Aboard the Calypso: Jacques Cousteau and Ocean Conservation

Aboard the Calypso: Jacques Cousteau and Ocean Conservation
Hillary Clinton: Economics, Discovery and Daily Life

Skill: Elementary School
Time Required: Three to Four Class Periods


In 1992, the year that Bill Clinton was elected President of the United States, an international conference called the United Nations Conference on Environment and Development was held in Rio de Janeiro. Popularly called the Earth Summit, or the Rio Summit, the conference was a gathering place for scientists and other people interested in Planet Earth.  One of those was Jacques Cousteau, whose ocean explorations aboard the Calypso had been made famous by the televised programs that showcased his work. Since then, the issues surrounding aspects of climate change have grown more serious, and much more is known about them.  While many folks are currently participating in the debate about how best to take care of the planet, Jacques Cousteau is one of those who started the conversation in the first place.


Students who participate in this lesson will gain knowledge about Jacques Cousteau, about the oceans and seas of the world, and about efforts to conserve and protect the valuable and often precarious balance among the earth's eco-systems.

Materials Required:

Access to the Internet.  Access to print materials about oceans and seas, and about Jacques Cousteau and the Calypso.


1.  Introduce students to Jacques Cousteau and his work, in part through the web sites listed below, but also with books and/or videos of his work on the Calypso.

2.  Ask students to research aspects of Cousteau's life, including his invention of the aqua lung, and the meaning of the acronym, SCUBA.  

3.  When students have a good command of Cousteau's life and work, ask them to find information on the world's oceans and on some of the problems associated with oceans and seas.  Useful websites for this research "Fun Facts About the Ocean," "The Rio Summit: Ocean,"  "Rio Earth Summit," and "Global Warming and Polar Bears" (below).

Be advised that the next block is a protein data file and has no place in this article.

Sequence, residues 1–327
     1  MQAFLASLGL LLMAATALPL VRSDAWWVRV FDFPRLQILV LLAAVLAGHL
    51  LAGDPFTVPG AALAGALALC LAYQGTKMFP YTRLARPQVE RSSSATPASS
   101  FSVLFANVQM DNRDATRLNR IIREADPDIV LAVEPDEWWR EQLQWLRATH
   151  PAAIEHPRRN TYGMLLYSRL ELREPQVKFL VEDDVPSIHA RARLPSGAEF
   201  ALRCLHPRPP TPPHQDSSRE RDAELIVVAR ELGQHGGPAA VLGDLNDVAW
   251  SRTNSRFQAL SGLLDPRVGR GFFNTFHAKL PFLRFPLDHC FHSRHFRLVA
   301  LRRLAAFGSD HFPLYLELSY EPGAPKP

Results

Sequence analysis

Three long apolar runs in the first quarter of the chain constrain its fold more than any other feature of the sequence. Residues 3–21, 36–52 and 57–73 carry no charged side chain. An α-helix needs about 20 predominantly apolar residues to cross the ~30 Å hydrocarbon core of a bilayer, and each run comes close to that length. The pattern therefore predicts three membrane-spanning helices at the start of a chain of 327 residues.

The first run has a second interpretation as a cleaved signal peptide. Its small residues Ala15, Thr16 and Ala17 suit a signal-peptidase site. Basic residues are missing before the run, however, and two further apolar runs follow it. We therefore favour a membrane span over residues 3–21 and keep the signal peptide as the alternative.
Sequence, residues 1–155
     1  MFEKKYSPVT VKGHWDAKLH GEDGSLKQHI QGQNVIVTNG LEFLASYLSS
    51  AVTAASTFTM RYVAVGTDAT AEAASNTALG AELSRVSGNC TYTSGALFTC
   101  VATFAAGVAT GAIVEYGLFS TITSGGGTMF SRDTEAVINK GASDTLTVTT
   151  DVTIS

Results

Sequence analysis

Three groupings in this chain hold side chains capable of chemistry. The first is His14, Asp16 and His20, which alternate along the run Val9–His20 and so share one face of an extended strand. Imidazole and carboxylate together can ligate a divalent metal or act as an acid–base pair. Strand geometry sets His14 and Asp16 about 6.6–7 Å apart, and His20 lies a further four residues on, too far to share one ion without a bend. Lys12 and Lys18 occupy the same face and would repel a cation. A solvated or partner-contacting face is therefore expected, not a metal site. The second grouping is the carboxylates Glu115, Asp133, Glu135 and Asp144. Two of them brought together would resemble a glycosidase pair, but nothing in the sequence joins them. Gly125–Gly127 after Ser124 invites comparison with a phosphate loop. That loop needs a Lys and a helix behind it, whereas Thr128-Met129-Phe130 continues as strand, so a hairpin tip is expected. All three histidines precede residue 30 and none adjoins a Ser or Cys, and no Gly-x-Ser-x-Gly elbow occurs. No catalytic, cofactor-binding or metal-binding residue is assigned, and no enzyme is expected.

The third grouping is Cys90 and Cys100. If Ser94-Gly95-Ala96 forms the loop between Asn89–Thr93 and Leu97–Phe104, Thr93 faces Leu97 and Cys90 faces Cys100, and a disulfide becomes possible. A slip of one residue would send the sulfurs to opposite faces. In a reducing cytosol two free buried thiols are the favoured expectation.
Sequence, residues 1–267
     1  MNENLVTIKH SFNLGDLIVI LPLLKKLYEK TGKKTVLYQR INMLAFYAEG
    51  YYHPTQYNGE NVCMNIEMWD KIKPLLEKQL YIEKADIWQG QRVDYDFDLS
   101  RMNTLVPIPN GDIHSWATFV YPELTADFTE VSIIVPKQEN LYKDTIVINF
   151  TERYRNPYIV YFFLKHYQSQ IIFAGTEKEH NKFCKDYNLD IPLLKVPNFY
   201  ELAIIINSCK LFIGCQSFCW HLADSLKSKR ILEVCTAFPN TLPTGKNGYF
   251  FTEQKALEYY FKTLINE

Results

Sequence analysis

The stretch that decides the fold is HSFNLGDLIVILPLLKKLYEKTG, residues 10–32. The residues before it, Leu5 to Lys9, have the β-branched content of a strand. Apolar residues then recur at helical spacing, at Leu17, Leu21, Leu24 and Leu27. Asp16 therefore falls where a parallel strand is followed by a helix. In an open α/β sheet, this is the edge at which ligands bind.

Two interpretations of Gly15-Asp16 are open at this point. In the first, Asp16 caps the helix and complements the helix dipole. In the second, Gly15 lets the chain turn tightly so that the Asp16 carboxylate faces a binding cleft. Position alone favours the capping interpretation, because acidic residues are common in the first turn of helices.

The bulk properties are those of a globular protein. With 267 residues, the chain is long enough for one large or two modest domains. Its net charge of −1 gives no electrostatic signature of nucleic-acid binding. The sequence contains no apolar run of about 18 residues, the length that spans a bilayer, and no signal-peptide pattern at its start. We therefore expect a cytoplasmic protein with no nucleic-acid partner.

4.  Divide students into small groups and ask each group to make a poster illustrating something about the ocean--a characteristic or a looming problem.

5.  Ask students to discuss the "seven biggest issues facing our seas, and have each student write a short paper on what he or she can do to help protect the environment.

Extending the Lesson:

This lesson can be extended with more emphasis on environmental issues, or by extending work on global warming, or on animals, fish, and plants in the oceans of the world.In addition, YouTube.com has a large number of hour-long videos under the title, "The Undersea World of Jacques Cousteau."  Individual students could watch one or more of these and share that information in a variety of ways.  

Sources & Resources:


Cousteau, Jacques.  The Ocean World. Harry N. Abrams and Co., 1979.

Roberts, Callum. The Ocean of Life: The Fate of Man and the Sea. Penguin Books, 2013.


Jacques Cousteau Biography

Jacques Cousteau: French Ocean Explorer and Engineer

Famous Scientists: Jacques Cousteau

What Happened to the Calypso? 

The Meaning of SCUBA

Fun Facts About the Ocean 

Rio Earth Summit

7 Biggest Issues Facing Our Seas 



This lesson was developed by Averil McClelland, Kent State University.